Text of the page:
Saudis may want to capitalise on an asset that’s only going to lose value if the world gets serious about global warming
For all the talk of Saudi Arabia’s oil company becoming the first trillion-dollar business if it goes public, some see the chatter as a sign of oil’s weakness. The Saudis, they say, know it’s time to start hedging their bet on fossil fuels.
While the Saudi Arabian Oil Co. sits on a preposterously large reserve of 260 billion barrels of oil, the kingdom’s discussion of a share sale amid a global collapse in crude prices suggests another motive to those who preach about the financial risks of climate change: The Saudis may want to capitalise on an asset that’s only going to lose value if the world gets serious about global warming.
“Why would you IPO your only valuable asset when oil is at its lowest point since 2003?” said Andrew Logan of Ceres, the Boston-based coalition of investors and environmentalists. “The most obvious way to read it is they are starting to see the writing on the wall -- that the age of oil is coming to an end and they are looking to cash out while they can.”
In the short-term, Saudi Arabia has as an advantage over other oil producers because it has some of the world’s lowest costs. Other, more expensive sources of crude - deepwater fields and Canadian oil sands, for example -- are likely to fall by the wayside first. But the reserves under the kingdom’s desert will be viable for decades even if world leaders have agreed to move away from fossils fuels in a bid to limit global warming.
The risk to Saudi Arabia’s oil wealth isn’t only seen by organisations like Ceres, a nonprofit that prods companies to adopt “sustainable leadership.” It’s a view shared by Fadel Gheit, a veteran oil analyst at Oppenheimer & Co. in New York and former group leader for research and engineering at Mobil Oil Corp.
Competition from U.S. shale producers may be a more pressing concern, but the Saudis are “absolutely” thinking about climate-inspired constraints as they consider the company’s future, Gheit said.
“Saudi Arabia is lining up some funding sources in anticipation of a very prolonged environment of low oil prices,” the analyst said by telephone. “If I’m running an oil company, I’m running for the hills.”
Crude oil fell to a new 12-year low below $30 a barrel in New York on Friday morning as concern mounted about new flows from Iran coming to market as economic sanctions end.
Officials at Saudi Aramco, as the state-run business is known, didn’t immediately reply when asked for comment. The company confirmed last week that it’s considering options for a share sale -- from a full public offering to a listing of selected units. Based on its estimated reserves, analysts suggest it could have a market value in the trillions, which would make it the world’s biggest company.
The question is how long those reserves will retain their value.
A month ago, almost 200 nations, including Saudi Arabia, agreed to a landmark pact in Paris to rein in the greenhouse-gas emissions that are blamed for global warming, chief among them pollution from burning coal, oil and natural gas.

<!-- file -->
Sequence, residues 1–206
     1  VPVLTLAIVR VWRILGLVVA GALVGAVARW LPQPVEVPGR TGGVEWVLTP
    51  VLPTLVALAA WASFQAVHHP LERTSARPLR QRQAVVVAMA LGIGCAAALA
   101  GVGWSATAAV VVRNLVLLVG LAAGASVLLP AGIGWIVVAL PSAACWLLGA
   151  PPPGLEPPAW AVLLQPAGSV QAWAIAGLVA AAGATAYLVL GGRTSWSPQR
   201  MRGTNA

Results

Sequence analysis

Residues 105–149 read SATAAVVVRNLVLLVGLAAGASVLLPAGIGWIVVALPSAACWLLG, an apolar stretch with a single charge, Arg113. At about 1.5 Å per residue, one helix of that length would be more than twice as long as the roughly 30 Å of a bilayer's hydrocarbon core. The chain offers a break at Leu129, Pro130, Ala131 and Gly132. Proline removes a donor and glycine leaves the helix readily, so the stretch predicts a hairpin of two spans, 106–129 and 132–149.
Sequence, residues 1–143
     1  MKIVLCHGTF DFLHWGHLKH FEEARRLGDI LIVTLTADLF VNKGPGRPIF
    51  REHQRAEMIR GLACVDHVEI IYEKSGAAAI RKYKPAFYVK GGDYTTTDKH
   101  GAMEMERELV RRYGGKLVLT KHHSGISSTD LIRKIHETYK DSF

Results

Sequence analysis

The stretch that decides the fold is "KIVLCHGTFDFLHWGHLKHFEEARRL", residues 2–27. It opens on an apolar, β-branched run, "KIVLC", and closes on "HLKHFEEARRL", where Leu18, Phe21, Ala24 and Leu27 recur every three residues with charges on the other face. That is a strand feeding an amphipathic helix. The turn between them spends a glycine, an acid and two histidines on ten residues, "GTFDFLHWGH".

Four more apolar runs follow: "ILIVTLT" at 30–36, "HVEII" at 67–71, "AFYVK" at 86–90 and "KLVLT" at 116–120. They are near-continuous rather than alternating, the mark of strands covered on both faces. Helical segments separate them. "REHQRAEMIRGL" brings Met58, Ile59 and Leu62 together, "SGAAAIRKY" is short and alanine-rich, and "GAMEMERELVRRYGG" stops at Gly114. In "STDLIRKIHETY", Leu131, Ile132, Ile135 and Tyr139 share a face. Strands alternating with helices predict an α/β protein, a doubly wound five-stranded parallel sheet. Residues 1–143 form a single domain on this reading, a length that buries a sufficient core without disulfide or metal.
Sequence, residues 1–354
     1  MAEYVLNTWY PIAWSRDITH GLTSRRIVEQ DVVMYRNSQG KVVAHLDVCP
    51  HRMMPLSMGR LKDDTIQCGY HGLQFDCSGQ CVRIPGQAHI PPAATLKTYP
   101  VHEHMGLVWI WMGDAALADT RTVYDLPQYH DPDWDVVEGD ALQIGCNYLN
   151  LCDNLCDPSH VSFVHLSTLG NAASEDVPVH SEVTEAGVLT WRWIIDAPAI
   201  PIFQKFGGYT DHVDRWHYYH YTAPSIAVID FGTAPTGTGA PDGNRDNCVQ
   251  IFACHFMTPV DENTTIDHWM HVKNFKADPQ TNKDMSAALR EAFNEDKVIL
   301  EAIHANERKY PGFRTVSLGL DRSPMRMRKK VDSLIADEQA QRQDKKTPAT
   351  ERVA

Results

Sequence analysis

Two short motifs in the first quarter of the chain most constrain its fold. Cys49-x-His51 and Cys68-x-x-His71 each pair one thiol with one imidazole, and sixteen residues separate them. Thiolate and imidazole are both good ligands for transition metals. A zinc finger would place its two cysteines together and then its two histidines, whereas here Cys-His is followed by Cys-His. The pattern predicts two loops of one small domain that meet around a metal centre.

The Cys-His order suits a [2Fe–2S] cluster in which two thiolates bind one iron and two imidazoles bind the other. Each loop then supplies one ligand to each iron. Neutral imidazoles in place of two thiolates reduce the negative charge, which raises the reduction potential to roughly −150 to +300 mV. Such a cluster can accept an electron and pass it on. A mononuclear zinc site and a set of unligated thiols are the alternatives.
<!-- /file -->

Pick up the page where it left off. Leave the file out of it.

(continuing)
To have even a 50:50 shot of keeping global temperature increases to 2 degrees Celsius, the goal set in Paris, more than two-thirds of current fossil fuel reserves will have to remain in the ground, according to a 2014 report by the Intergovernmental Panel on Climate Change, the world’s leading body of climate scientists. At current emission levels, the world’s “budget” for burning fossil fuels would be exhausted in less than 20 years.
“The last thing you want is to have a whole lot of oil left at the end of the oil age,” said Logan, who directs Ceres’s oil, gas and insurance program.
Gheit, the Oppenheimer analyst, estimated 90 percent of Saudi Aramco’s value lies in its crude reserves, as opposed to downstream refining and other operations.
Still, Saudi Aramco’s cost advantage shouldn’t be easily dismissed, said James Leaton, a research director at the Carbon Tracker Initiative. The London-based group studies the effects of climate change and policy on capital markets.
Assuming only the cheapest, easiest-to-reach oil is extracted in a scenario that caps temperature increases at 2 degrees Celsius (3.6 degrees Fahrenheit), about 7 percent of the Saudi company’s projects would be scuttled over the next decade, accounting for about $12 billion in capital expenditures, Leaton said in a phone interview.
“The majority of its projects would still fit within a 2- degree scenario,” Leaton said. Private-sector companies “have greater exposure to those high-cost projects at the wrong end of the cost curve: the oil sands, the deep-water, the Arctic and so-on. That’s where we see the pressure coming.”
Climate constraints are only one issue facing the Saudis, Leaton said. The desire to sell is driven by the country’s need to help balance a budget that’s been ravaged by the decline in oil prices, he said.
Saudi Arabia’s deputy crown prince, Mohammed bin Salman, acknowledged the need to diversify the nation’s economy beyond oil, in an interview with The Economist last week. He cited mining and religious tourism as two areas of potential growth. The kingdom has also tried to develop its reserves of natural gas, a less polluting fossil fuel, and has invested in solar technology.
“The signal from Paris is to reduce demand for fossil fuels, so you can’t keep increasing supply and fit that trajectory,” said Leaton. Even so, “there’s obviously a bit of tension between a policy of maximising supply and potentially selling your business if the oil price isn’t high.”